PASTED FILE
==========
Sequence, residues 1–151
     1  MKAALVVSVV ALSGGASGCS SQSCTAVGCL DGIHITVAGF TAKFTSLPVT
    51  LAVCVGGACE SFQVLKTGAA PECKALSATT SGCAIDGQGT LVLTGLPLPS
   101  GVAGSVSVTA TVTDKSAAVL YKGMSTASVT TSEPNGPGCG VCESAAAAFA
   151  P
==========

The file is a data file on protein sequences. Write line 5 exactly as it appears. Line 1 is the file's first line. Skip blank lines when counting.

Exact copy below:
   151  P